Forcing Consumers to Buy Renewable Energy

Congress pretends to solve an energy crisis

Ronald Bailey
Reason Magazine

Carbon rationing is dead on Capitol Hill. The Democratic leadership in the Senate has concluded that they cannot round up enough votes to pass a cap-and-trade carbon rationing bill that aims to cut the emissions of greenhouse gases. But in the face of the catastrophic Gulf oil spill, congressional leaders feel that they must be seen as doing something about energy. And if that something provides members of Congress an opportunity to hand out federal pork to their friends, that’s a bonus.

So Democrats and some Republicans are pushing legislation that will reward favored industries, chiefly wind and solar power, by forcing consumers to buy the electricity that they produce. How? By requiring that retail electricity distributors purchase 15 to 20 percent of their electricity from wind and solar power producers by 2020. This so-called national renewable energy standard, or clean energy standard, is being carved out of energy legislation such as the American Clean Energy Leadership Act [PDF] proposed by Sen. Jeff Bingaman (D-NM).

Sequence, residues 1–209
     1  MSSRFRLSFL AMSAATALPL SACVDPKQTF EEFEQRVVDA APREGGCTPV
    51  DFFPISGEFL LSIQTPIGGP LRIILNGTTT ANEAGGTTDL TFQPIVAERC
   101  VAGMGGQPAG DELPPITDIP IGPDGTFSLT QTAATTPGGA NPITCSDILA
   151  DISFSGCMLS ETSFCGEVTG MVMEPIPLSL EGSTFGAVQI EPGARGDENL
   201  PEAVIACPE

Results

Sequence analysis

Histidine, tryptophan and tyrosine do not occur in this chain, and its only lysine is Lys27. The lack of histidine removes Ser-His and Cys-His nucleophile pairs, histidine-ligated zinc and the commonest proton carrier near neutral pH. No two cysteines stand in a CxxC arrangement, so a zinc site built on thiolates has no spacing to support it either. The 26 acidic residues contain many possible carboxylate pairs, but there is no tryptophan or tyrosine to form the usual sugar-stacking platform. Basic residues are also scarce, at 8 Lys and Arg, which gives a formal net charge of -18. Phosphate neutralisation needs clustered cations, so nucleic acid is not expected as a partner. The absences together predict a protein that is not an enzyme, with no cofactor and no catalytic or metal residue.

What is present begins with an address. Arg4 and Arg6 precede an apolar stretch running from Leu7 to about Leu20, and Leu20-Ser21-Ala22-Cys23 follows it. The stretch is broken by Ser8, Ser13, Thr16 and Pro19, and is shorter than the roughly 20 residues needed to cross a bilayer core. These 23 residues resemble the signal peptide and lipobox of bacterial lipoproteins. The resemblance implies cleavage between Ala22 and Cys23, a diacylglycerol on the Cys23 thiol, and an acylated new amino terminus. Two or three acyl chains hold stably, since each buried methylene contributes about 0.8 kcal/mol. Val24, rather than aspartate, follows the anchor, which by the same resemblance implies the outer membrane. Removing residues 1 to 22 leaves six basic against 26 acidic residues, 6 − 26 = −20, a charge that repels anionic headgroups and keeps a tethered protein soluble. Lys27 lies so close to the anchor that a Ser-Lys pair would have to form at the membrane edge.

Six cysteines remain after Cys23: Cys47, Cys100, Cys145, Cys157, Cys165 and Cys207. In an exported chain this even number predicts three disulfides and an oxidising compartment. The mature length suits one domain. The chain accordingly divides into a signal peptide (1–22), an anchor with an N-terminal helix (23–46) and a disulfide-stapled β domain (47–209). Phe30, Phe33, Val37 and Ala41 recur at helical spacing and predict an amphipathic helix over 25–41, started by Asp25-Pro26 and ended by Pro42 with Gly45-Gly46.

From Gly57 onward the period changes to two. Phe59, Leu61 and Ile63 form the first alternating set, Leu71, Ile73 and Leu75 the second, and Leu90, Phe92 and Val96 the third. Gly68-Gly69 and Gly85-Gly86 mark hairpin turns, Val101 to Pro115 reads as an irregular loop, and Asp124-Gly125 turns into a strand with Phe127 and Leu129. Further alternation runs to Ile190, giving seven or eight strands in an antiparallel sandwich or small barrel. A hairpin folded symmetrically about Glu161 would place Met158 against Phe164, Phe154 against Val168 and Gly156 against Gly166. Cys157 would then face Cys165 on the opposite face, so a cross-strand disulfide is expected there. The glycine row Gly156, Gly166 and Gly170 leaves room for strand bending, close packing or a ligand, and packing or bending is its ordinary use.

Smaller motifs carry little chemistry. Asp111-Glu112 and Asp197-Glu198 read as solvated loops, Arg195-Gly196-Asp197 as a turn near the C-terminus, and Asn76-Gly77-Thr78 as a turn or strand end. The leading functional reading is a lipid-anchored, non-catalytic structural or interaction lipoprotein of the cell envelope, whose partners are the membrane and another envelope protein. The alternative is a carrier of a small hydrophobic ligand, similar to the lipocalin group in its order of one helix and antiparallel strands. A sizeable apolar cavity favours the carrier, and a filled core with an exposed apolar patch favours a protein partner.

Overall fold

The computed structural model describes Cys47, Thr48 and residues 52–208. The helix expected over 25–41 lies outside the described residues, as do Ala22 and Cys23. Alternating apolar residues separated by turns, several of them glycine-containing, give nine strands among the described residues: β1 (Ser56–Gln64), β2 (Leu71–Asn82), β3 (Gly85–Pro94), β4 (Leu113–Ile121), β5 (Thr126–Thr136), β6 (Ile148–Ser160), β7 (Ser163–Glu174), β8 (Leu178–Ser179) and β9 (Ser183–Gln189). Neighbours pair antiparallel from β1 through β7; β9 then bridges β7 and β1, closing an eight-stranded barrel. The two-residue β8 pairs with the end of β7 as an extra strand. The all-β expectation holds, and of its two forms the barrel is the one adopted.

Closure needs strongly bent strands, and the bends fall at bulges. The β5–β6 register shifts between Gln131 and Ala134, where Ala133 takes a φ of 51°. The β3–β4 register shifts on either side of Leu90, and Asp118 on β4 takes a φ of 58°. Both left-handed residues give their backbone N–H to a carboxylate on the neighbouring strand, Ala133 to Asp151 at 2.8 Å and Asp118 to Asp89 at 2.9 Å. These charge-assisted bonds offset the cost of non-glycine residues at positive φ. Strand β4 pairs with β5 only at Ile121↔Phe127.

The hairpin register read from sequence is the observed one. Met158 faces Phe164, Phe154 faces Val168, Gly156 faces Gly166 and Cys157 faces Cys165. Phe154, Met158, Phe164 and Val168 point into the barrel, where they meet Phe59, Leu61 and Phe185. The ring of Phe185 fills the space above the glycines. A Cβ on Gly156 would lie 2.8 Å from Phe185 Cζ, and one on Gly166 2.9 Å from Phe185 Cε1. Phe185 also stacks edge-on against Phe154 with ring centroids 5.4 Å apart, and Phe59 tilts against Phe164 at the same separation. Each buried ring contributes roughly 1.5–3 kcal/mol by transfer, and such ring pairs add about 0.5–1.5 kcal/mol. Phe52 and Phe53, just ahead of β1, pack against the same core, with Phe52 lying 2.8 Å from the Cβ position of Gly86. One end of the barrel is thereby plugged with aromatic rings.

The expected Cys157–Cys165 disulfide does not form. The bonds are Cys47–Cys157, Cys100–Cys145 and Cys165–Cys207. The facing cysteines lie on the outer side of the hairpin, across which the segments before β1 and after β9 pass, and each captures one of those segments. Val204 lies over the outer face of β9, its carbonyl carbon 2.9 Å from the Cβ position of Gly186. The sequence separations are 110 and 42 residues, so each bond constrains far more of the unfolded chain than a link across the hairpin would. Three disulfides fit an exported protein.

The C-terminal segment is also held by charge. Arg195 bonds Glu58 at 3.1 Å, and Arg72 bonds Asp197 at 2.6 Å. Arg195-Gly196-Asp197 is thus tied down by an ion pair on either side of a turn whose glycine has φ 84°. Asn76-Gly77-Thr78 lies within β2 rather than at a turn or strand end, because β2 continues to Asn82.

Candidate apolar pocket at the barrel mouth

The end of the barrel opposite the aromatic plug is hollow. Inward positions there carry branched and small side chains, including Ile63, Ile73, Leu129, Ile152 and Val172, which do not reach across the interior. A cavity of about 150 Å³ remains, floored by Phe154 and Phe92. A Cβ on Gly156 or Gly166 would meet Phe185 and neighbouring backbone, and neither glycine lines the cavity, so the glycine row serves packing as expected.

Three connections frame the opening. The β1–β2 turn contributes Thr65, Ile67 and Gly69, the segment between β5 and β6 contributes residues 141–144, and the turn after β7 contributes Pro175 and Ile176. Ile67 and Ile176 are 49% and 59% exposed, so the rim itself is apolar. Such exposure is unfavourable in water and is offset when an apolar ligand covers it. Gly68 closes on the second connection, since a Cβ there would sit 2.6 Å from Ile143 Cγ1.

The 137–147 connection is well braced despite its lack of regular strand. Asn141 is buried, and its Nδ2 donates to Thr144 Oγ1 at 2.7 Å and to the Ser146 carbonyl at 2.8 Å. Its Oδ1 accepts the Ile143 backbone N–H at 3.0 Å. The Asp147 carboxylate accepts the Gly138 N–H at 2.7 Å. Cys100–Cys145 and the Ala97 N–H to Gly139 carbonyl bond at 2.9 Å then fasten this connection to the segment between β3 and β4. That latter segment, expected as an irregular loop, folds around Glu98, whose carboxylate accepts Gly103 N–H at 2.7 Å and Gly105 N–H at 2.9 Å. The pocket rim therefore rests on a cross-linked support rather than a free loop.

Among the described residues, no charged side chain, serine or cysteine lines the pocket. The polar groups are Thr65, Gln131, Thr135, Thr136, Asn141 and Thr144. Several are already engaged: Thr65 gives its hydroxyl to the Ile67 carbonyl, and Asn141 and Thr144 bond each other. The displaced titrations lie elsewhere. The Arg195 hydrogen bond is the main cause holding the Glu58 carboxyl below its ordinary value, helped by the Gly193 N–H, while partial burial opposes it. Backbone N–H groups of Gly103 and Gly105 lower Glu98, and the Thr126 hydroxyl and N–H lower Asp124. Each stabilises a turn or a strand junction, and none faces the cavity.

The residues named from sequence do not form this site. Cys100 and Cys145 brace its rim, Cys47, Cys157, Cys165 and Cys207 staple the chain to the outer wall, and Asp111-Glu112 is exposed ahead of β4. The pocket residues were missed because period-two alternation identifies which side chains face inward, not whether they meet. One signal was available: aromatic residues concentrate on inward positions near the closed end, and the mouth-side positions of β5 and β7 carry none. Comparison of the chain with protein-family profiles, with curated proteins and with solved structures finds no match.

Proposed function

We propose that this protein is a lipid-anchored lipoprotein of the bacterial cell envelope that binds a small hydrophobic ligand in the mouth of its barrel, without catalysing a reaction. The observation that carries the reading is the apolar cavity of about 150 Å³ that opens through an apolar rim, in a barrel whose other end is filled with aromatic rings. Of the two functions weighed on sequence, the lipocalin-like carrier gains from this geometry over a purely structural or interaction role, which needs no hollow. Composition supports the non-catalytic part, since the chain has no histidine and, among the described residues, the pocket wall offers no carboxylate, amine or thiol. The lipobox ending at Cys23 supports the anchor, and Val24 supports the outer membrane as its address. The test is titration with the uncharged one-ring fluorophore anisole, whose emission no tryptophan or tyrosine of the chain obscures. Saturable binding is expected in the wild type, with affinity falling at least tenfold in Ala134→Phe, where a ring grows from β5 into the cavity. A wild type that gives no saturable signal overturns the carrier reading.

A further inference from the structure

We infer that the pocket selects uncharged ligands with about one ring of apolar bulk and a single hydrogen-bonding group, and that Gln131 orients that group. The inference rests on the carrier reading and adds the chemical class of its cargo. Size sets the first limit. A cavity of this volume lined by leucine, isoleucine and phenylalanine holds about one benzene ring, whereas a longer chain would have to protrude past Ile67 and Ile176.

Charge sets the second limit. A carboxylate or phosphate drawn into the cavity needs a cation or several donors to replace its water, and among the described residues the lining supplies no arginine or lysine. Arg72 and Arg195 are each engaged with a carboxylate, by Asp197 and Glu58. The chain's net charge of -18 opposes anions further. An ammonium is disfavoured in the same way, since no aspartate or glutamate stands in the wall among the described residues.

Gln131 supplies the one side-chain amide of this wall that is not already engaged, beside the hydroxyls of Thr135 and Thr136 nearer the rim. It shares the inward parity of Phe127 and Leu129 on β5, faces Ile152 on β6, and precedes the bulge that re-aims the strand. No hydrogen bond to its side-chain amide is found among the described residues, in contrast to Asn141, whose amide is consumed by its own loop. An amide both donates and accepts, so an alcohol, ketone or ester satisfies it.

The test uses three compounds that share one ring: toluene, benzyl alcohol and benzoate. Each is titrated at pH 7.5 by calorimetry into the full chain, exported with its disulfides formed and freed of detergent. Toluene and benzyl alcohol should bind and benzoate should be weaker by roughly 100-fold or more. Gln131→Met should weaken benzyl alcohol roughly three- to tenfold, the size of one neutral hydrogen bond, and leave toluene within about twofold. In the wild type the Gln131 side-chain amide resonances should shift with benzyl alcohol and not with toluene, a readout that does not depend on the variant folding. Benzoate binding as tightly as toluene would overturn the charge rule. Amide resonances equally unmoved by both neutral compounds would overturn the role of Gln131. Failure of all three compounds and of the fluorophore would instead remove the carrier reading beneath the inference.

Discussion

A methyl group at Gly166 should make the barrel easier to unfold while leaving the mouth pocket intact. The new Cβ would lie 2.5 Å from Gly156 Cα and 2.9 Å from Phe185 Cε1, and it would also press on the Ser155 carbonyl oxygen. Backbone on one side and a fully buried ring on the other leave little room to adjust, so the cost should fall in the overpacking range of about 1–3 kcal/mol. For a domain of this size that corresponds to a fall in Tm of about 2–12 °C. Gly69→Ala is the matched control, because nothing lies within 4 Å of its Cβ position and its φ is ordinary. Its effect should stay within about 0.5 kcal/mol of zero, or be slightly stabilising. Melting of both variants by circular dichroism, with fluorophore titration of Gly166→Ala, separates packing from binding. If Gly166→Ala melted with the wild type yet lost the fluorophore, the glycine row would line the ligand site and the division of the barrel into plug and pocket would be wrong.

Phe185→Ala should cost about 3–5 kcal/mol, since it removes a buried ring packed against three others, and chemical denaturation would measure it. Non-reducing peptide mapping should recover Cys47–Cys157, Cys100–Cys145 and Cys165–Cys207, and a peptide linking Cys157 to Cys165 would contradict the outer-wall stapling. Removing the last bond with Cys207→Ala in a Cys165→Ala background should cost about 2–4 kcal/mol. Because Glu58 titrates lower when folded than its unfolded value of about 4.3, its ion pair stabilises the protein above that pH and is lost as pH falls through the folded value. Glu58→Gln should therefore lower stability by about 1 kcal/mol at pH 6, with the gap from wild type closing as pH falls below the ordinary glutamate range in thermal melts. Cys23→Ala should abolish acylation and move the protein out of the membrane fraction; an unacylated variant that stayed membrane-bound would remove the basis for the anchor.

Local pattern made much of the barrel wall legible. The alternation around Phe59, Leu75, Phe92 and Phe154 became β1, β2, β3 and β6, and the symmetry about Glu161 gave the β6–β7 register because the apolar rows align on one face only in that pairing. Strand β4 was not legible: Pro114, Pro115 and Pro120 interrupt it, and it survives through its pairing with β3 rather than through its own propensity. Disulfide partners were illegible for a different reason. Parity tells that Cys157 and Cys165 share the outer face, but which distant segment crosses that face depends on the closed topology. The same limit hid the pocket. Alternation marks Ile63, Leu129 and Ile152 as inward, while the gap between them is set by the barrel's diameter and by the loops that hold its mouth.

Supporters argue that renewable energy standards cut greenhouse gas emissions, create jobs, revitalize rural communities, boost energy independence, and even lower energy prices. Many politicians find them irresistible as a way to signal to voters that they are serious about energy policy. As a consequence, two-thirds of Americans already live in the 28 states that since 1995 have begun to pursue various schemes to force consumers to buy wind and solar power. But are the claims of supporters economically credible?

…The claim that renewable energy mandates boost overall job creation is persistent and powerful, but the experience of other countries clearly shows that such mandates destroy more jobs than they create. A study last October by an independent German economics think tank found that each solar power job cost $240,000 and overall the result of renewable energy subsidies was higher energy prices, lost jobs in other sectors of the economy, and reduced consumer purchasing power. The German study mirrored the findings of an earlier Spanish university study which reported that every green job created by subsidizing renewable energy destroyed 2.2 jobs in other sectors of the economy.

Vast agricultural subsidies have failed to “revitalize” rural areas, so why should one expect that renewable energy mandates causing wind farms to sprout across the vacant countryside will do the trick?…if renewables like wind power were already cost competitive, then Congress would not need to mandate them…

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